This is not to say that Out of the Vinyl Deeps is full of political diatribes about gender/power. That just happens to be part of what Ellen Willis writes about here. Mostly, this is a book of stellar rock criticism by a super smart, aesthetically engaged music fan that happens to be a feminist and loves to dance and hang out and listen to records. Her ideas are complex but she is clear and not fancy or academic. Her writing voice is analytical and inward. Some of the hippy vernacular is there but she generally doesn't write in a conversational way; she's an essayist, so there's a traditional literary form to most of her pieces. Contrary to the narcissistic, kinetic, explosive style of some of the male rock writers at this time, she's self-aware, reflective and careful with her choice of words but her writing loses none of its urgency. Instead of telling her readers what to think, she offers her perspective, grounded in her experience, all the time questioning what things mean and why. I imagine her spending a lot of time being social and then purposively isolating herself in order to distill her experiences into thoughtful critique. The time spent alone necessary to write seems to have given her the space to be both a feminist and a rock-n-roll fan. The result is compelling and necessary. You get the feeling that her work truly mattered and made a difference in people's lives. It definitely enhanced the cultural narrative of her time, leaving us with a document that reflects both cultural struggle and aesthetic lineage, making it excellent for anyone interested in the history of feminist thought and rock-n-roll/youth culture.
Reading this book, I'm certain that it was necessary for Ellen Willis to write in order to exist. I'm not talking about survival in terms of food and water and paying rent, but cultural survival, carving out a space to breath in a world that hates women and spreads misogyny into every aspect of our lives, including our personal relationships, fashion, politics and even our favorite songs. By publishing her thoughts instead of keeping them to herself, she helped move things forward. In that sense, this is a radical book. I hope it inspires more feminist music criticism. We need it. (less)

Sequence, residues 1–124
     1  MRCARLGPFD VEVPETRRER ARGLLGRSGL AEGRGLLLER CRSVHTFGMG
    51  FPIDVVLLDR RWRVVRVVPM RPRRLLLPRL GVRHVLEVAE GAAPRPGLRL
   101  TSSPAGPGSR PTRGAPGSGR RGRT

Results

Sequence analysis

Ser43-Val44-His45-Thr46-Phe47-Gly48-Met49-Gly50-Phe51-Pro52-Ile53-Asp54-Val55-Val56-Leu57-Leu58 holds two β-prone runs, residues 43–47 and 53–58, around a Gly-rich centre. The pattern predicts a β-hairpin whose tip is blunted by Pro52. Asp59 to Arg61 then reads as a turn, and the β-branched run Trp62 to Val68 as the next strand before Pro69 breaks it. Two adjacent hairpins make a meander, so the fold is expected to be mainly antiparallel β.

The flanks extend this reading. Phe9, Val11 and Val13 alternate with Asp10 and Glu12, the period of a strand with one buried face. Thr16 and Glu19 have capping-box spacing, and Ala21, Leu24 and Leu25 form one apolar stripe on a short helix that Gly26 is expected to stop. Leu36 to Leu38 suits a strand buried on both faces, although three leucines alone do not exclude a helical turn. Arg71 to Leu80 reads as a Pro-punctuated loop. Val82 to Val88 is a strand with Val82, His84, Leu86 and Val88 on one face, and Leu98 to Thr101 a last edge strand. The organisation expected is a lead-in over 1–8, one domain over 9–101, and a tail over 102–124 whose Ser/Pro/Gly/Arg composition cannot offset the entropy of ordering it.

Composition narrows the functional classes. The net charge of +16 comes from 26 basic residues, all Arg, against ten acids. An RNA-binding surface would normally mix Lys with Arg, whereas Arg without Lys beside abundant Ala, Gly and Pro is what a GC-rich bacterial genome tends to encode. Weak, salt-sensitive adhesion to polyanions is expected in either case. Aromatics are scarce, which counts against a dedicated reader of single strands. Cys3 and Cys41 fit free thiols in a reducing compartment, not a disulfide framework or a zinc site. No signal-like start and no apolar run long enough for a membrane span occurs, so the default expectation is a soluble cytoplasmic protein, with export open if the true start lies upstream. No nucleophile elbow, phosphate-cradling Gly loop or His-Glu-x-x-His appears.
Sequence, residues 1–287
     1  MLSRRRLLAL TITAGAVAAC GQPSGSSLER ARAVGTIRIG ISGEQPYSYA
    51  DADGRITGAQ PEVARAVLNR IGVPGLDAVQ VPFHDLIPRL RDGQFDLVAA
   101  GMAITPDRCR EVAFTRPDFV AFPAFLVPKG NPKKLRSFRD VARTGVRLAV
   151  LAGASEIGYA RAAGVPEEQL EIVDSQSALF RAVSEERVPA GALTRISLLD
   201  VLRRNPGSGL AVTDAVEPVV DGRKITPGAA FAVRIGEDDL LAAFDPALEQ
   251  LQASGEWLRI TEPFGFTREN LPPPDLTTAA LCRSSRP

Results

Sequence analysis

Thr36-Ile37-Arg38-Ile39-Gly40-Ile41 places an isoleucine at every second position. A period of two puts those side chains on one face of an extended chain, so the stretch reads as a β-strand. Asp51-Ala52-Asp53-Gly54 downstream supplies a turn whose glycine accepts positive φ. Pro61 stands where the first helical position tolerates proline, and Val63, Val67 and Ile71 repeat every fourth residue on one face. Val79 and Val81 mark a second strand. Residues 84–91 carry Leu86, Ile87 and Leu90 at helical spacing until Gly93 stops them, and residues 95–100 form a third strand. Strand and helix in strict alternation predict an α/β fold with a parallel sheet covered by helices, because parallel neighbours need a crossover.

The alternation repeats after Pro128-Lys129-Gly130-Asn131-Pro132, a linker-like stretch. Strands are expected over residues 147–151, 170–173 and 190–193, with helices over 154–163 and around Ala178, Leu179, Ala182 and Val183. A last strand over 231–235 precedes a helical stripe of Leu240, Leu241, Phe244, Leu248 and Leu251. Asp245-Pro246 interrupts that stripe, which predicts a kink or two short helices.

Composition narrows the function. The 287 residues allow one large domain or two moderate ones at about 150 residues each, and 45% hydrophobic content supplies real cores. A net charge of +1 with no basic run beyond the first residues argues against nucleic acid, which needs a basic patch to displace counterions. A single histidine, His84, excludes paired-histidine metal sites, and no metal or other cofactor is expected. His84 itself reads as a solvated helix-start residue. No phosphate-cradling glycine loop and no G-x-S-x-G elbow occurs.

don letts hung out with the clash, managed the slits, djed punk shows, makes films, was in big audio dynamite and was a part of the kings road proto-p...moredon letts hung out with the clash, managed the slits, djed punk shows, makes films, was in big audio dynamite and was a part of the kings road proto-punk/punk anti-fashion scene...this is a great book, read it if you are interested in cultural history, racism, punk, reggae, post-colonial london or the politics of style.(less)
This collection of primary sources from the 1970's Women's Liberation movement is made up of work that was first available through the underground pre...moreThis collection of primary sources from the 1970's Women's Liberation movement is made up of work that was first available through the underground press as mimeographed flyers, pamphlets or articles. The editors were participants in the movement: Baxandall was a member of New York Radical Women and Gordon was involved with the socialist organization Bread and Roses out of Boston. Their introductory essay offers a useful theoretical outline for looking at this period of women's history that addresses relevant issues of culture and the underground press explicitly. Works are cited in their original form as much as possible but there is no extensive bibliography or detailed information on the original publications themselves. It is noted that the editors did extensive research in private collections to get their material, so this is unfortunate.(less)